Qualification of PET scanners for use in multicenter cancer clinical trials: The American College of Radiology Imaging Network experience

Joshua S. Scheuermann, Janet R. Saffer, Joel S. Karp, Anthony M. Levering, Barry A. Siegel

Research output: Contribution to journalArticlepeer-review

105 Scopus citations


The PET Core Laboratory of the American College of Radiology Imaging Network (ACRIN) qualifies sites to participate in multicenter research trials by quantitatively reviewing submitted PET scans of uniform cylinders to verify the accuracy of scanner standardized uptake value (SUV) calibration and qualitatively reviewing clinical PET images from each site. To date, cylinder and patient data from 169 PET scanners have been reviewed, and 146 have been qualified. Methods: Each site is required to submit data from 1 uniform cylinder and 2 patient test cases. Submitted phantom data are analyzed by drawing a circular region of interest that encompasses approximately 90% of the diameter of the interior of the phantom and then recording the mean SUV and SD of each transverse slice. In addition, average SUVs are measured in the liver of submitted patient scans. These data illustrate variations of SUVs across PET scanners and across institutions, and comparison of results with values submitted by the site indicate the level of experience of PET camera operators in calculating SUVs. Results: Of 101 scanner applications for which detailed records of the qualification process were available, 12 (12%) failed because of incorrect SUV or normalization calibrations. For sites to pass, the average cylinder SUV is required to be 1.0 ± 0.1. The average SUVs for uniform cylinder images for the most common scanners evaluated - Siemens Biograph PET/CT (n = 43), GE Discovery LS PET/CT (n = 15), GE Discovery ST PET/CT (n = 34), Philips Allegro PET (n = 5), and Philips Gemini PET/CT (n = 11) - were 0.99, 1.01, 1.00, 0.98, and 0.95, respectively, and the average liver SUVs for submitted test cases were 2.34, 2.13, 2.27, 1.73, and 1.92, respectively. Conclusion: Minimizing errors in SUV measurement is critical to achieving accurate quantification in clinical trials. The experience of the ACRIN PET Core Laboratory shows that many sites are unable to maintain accurate SUV calibrations without additional training or supervision. This raises concerns about using SUVs to quantify patient data without verification.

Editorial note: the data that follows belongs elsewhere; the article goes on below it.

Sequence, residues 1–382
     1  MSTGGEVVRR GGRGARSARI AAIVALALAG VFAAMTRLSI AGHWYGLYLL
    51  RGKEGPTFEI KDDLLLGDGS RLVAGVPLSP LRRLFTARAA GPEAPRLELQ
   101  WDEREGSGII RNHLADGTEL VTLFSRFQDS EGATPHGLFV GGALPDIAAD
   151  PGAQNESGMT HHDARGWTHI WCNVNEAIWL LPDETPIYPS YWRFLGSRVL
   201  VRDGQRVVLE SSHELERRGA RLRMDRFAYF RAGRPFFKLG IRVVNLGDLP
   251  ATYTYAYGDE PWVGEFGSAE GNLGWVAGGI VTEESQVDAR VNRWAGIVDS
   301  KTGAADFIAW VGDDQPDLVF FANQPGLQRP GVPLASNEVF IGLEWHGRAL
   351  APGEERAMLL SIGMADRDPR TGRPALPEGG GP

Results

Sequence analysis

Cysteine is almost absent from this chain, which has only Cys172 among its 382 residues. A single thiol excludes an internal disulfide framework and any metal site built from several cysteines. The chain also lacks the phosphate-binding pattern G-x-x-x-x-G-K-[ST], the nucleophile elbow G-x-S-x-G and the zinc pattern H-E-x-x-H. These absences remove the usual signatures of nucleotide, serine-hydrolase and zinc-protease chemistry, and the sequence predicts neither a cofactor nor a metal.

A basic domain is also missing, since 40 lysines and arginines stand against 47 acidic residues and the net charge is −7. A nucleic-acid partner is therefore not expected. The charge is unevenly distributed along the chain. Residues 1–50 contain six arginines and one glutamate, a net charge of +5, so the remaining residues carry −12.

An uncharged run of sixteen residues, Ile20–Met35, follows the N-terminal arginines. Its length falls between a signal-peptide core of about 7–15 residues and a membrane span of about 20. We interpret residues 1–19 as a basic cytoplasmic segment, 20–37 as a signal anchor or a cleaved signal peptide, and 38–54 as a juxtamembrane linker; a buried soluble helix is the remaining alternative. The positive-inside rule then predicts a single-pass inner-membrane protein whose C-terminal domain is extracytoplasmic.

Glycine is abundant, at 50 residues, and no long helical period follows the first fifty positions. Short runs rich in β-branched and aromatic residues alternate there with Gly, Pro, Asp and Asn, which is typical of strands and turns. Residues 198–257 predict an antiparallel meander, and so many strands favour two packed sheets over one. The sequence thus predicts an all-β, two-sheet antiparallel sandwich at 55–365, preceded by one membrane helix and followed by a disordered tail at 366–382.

Original languageEnglish
Pages (from-to)1187-1193
Number of pages7
JournalJournal of Nuclear Medicine
Issue number7
StatePublished - Jul 1 2009


  • Multicenter clinical trials
  • PET quantification
  • Positron emission tomography
  • Scanner calibration
  • Standardized uptake value


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